The five declensions of Proto-Ydtobogȧntiaky went through significant change in Ē̂dentiaguen languages due to sound change and less disambiguation resulting from less cases. This and the loss of genders caused great similarity in many declinational suffixes, which led to even less cases in some later languages. Also, many declinational suffixes disappeared. They were replaced mostly by their third declension counterparts, although some were taken from the fourth declension of Proto-Ydtobogȧntiaky nouns.

Over time, the original five declensions merged into a single declension with little variety. Some endings used in the single paradigm are very similar, especially the dative and genitive suffixes, which caused some later languages to use an oblique case made from the accusative (and dative, in some cases) morphemes.

Remember that the terms "short-A", "long-end", and "weak-end" are only used because of their short names. These terms are not likely to be used at all except in articles related to Ydtobogȧntiaky languages.


The table below shows how nouns with a root-final consonant are declined. Nouns with a root-final <a> are declined almost identically, except the final <a> is replaced by the other endings and the instrumental plural suffix is replaced by -a i.e. rida eye-INS.PL (from ridèr eye-INS.SG). Some verbs underwent apophony when declined for certain cases.

Singular Plural Example (Sg.) Example (Pl.)
Ergative a i pybela pybeli
Accusative a y pybela pybely
Absolutive u ū pybelu pybelū
Dative e i pybele pybeli
Genitive e i pybele pybeli
Instrumental èr - pybelèr pybel
Locative de di pybelde pybeldi

In cases where the locative suffixes cause a violation of the phonotactics, an <è> is added before adding the suffix, i.e. tiagède mouth-LOC.SG (tiaga + -è- + -de)

Root ChangesEdit

Some nouns changed the root-final consonant when declined for certain cases. This originated mostly from sound change, but some nouns gained this trait seemingly arbitrarily.


Nouns that undergo gemination due to declension were called long-end, and are referred to in Proto-Ē̂dentiaguen as bȳdêlbu (pl. bȳdêlbū). These are mostly nouns that underwent heavy sound change causing it to have a word-final geminate. In unaffected nouns, most geminate stops were completely shortened, and geminate semivowels became either short semivowels or a long vowel.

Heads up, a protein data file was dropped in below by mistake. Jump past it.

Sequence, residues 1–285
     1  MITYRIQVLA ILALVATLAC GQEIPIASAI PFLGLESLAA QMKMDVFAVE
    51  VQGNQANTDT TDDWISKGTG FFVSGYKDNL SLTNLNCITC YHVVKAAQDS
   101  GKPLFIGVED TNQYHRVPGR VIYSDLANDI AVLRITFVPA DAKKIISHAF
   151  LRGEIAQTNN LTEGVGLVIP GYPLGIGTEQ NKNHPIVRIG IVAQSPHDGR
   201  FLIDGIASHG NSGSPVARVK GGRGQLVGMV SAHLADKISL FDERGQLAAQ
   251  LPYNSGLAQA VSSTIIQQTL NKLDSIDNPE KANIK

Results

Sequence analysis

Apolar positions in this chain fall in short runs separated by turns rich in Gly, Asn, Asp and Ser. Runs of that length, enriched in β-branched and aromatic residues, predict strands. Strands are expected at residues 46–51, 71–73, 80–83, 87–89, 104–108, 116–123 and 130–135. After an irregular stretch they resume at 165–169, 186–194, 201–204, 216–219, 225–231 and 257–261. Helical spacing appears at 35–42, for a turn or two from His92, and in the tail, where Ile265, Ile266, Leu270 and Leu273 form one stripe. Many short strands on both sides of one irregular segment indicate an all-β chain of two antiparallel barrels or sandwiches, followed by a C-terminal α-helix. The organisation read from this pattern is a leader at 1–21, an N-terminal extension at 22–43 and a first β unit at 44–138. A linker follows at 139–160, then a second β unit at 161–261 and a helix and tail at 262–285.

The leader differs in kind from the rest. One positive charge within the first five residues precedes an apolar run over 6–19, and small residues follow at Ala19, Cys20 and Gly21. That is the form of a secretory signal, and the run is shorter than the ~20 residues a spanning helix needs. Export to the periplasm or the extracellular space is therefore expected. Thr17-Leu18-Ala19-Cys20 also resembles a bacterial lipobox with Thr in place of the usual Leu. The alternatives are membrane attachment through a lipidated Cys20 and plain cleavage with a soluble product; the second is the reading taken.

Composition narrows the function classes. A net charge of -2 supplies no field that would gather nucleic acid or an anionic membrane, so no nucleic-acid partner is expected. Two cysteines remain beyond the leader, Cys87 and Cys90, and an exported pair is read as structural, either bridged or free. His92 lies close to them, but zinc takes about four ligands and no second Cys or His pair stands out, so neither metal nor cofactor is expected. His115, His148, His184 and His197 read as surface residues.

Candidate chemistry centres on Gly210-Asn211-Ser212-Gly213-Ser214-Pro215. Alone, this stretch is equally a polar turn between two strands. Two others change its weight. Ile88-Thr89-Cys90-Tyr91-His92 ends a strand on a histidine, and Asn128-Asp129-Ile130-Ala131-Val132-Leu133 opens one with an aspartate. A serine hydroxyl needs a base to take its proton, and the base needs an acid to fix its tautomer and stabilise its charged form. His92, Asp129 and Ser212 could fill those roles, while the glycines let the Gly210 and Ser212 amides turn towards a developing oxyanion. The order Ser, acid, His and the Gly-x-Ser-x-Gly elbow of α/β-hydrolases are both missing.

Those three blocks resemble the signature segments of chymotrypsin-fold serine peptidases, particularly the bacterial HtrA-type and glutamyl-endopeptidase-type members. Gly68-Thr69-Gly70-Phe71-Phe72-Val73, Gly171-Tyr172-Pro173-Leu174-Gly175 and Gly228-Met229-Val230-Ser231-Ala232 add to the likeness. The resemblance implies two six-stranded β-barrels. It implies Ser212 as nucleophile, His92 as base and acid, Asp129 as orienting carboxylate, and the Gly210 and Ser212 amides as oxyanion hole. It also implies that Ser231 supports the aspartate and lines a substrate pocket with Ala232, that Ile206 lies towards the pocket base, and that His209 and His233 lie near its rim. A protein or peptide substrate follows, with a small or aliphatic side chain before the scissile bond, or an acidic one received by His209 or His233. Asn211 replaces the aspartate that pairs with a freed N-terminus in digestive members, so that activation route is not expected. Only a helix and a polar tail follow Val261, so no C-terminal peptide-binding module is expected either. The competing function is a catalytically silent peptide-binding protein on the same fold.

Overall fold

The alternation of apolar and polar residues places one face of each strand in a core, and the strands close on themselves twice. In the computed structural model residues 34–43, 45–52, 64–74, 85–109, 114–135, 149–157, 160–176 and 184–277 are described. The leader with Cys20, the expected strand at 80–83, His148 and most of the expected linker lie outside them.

Fricatives and /l/, however, retained gemination in some cases. Over half of all nouns have a root-final consonant, and a small amount of those are affected by this type of apophony. This is because geminate consonants, according to Proto-Ē̂dentiaguen phonotactics, are only allowed intervocalically.

However, this is different for nasals. All nasal-final nouns (which make up almost half of all consonant-final nouns) are long-end, except for the short-A nouns and most words of foreign origin.

The root-final consonant of all long-end nouns is doubled before marking any case, except for the instrumental plural and the locative. Even if a schwa is added before a locative suffix due to it violating the phonotactics, the root-final consonant of a long-end noun is not doubled. Some examples are shown below.

miggu (absolutive singular), miggū (absolutive plural), migge (dative singular), mig (instrumental plural), migède (locative singular)

giōllu (absolutive singular), giōllū (absolutive plural), giōlle (dative singular), giōl (instrumental plural), giōlde (locative singular)

tebīdarru (absolutive singular), tebīdarrū (absolutive plural), tebīdarre (dative singular), tebīdor (instrumental plural), tebīdorède (locative singular)

krḕnnu (absolutive singular), krḕnnū (absolutive plural), krḕnne (dative singular), krḕn (instrumental plural), krḕnde (locative singular)


Nouns that undergo lenition due to declension were called weak-end, and are referred to in Proto-Ē̂dentiaguen as mōdêlbu (pl. mōdêlbū). These are mostly nouns that end in plosives preceded by a vowel or a semivowel. Few nouns that end in said phonemes aren't affected by this. Those were mostly words of foreign origin, some of which became long-end nouns.

Sound change caused most if not all intervocalic plosives to become fricatives. Over half of all nouns have a root-final consonant, and a small amount of those are affected by this type of apophony. This change applies to verbs and adjectives as well, but to a lesser extent.

The root-final consonant of all weak-end nouns is "weakened" to a fricative of the same place of articulation before marking any case except for the instrumental plural, which is often the bare root. Usually, weak-end nouns not ending in /k/ are also short-A nouns. A schwa is added before a locative suffix (except in weak-end nouns ending in /t/) due to it violating the phonotactics, which does not allow two different consecutive fricatives. Some examples are shown below.

ilōdu (absolutive singular), ilōdū (absolutive plural), ilōde (dative singular), ilūt (instrumental plural), ilūdde (locative singular)

digu (absolutive singular), digū (absolutive plural), dige (dative singular), dik (instrumental plural), digède (locative singular)

rubu (absolutive singular), rubū (absolutive plural), rube (dative singular), ryp (instrumental plural), rybède (locative singular)